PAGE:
Insight: The Tekken movie (is it really THAT bad?)

15 08 2010

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With all of the recent craziness going on about the Tekken live-action movie, I decided that I, being a fan of the fighting game series, would watch the film and see what all the hubbub is about. 

 

Now as I went into this movie, I wasn’t prepared to do what most gamers do when watching an adaptation: look for the differences. I wanted to actually see the movie with a clear mind and not ruin every single moment of it by comparing it to the games or deliberately looking for problems. Bearing that in mind, Tekken was not nearly as bad as I thought it would be. 

In the film, the world governments have been torn apart and is now made up of eight major companies overseeing pieces of the globe; Tekken Corp. being the most powerful one out of all of them. Said corporations enter fighters each year into the Iron Fist tournament to win the prestige, honor, and bragging rights. The movie begins with Jin Kazama, a young man struggling to survive in a slum city called ‘Anvil,’ just outside of Tekken City. 

The Tekken film was released Tuesday to Japanese retailers. It has yet to debut in the U.K. or U.S.

Jin makes a living by running anti-Tekken contraband (technology, hardware, etc.) to freedom fighters in the area. It all goes downhill though when he is identified as an insurgent against Tekken and Kazuya orders his home to be destroyed. This is what starts Jin onto his path for revenge in Iron Fist.

Overall the movie has a simple enough story. Jin is trying to get revenge, but discovering many secrets and problems from his mother’s past along the way (while also trying to avoid getting killed in the tournament). 

The main focal point of this movie is definitely the action, and many will be happy to hear that it is done fairly well.

The initial fight of Raven v. Eddy seems a bit stiff and some moves look very held back, but other matches like Dragunov v. Bryan and Miguel v. Jin make up for it. One big drawback of a lot of the fights though, is that there is a good deal of MMA or grappling moves involved (not associated with certain characters‘ fighting styles), which gets a bit annoying after awhile.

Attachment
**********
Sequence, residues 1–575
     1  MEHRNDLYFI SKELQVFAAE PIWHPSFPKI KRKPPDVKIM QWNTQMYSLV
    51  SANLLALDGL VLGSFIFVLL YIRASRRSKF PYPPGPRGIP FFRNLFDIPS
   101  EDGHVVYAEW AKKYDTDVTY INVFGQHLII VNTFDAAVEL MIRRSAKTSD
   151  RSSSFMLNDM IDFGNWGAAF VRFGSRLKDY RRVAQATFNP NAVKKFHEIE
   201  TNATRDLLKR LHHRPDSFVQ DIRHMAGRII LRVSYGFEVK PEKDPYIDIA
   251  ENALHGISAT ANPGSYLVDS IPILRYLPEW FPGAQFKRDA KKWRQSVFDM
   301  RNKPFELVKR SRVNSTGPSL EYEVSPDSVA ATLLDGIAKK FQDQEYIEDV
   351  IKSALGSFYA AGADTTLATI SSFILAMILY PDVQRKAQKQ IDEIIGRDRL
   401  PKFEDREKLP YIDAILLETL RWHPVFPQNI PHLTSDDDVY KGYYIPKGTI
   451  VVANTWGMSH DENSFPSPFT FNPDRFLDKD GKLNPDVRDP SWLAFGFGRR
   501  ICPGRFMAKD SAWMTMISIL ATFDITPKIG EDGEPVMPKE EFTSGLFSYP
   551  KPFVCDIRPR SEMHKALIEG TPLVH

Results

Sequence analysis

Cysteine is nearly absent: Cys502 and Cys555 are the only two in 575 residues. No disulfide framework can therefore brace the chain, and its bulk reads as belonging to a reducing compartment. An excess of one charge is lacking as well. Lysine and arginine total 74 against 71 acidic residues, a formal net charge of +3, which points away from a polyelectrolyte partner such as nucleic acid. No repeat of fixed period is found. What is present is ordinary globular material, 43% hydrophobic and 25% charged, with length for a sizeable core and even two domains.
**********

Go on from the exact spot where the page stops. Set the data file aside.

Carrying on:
To the gaming purists (for more info, see previous post discussing this) there are quite a few things ‘wrong’ with the movie, but from a basic standpoint, Tekken delivers everything that is synonymous with the videogame: fighting, little plot, and more fighting.

Let’s be clear, as far as how close to the game the Tekken film is, I’d give it about a 30 percent completion rate. It uses concepts from the game, but twists them to fit the chosen storyline, so game canon and characterizations suffer as a result. There are some nice winks to the game like character costumes, stage environments, and some relationships between characters, but it is not a proper retelling of the entire Tekken story.

It is, however, an okay film. The plot is fairly complete (relatively few holes or loose ends), action is brutal and satisfying enough, and acting goes from okay to terrible throughout (although nowhere near as bad as the Street Fighter films).

To be fair, what ranks as a ‘good’ adaptation or a ‘bad’ one is all up to perspective. I personally see Tekken as a movie that took few concepts from the original source, and tried to create a stand-alone film (reminiscent of the first Resident Evil movie). What arose out of that was a movie that seemed in limbo between the game material and a different story entirely.

Final Verdict:

Overall I think Tekken is a broken adaptation, but fun for fans to watch if they don’t take it too seriously. 

 
 
 
 

 

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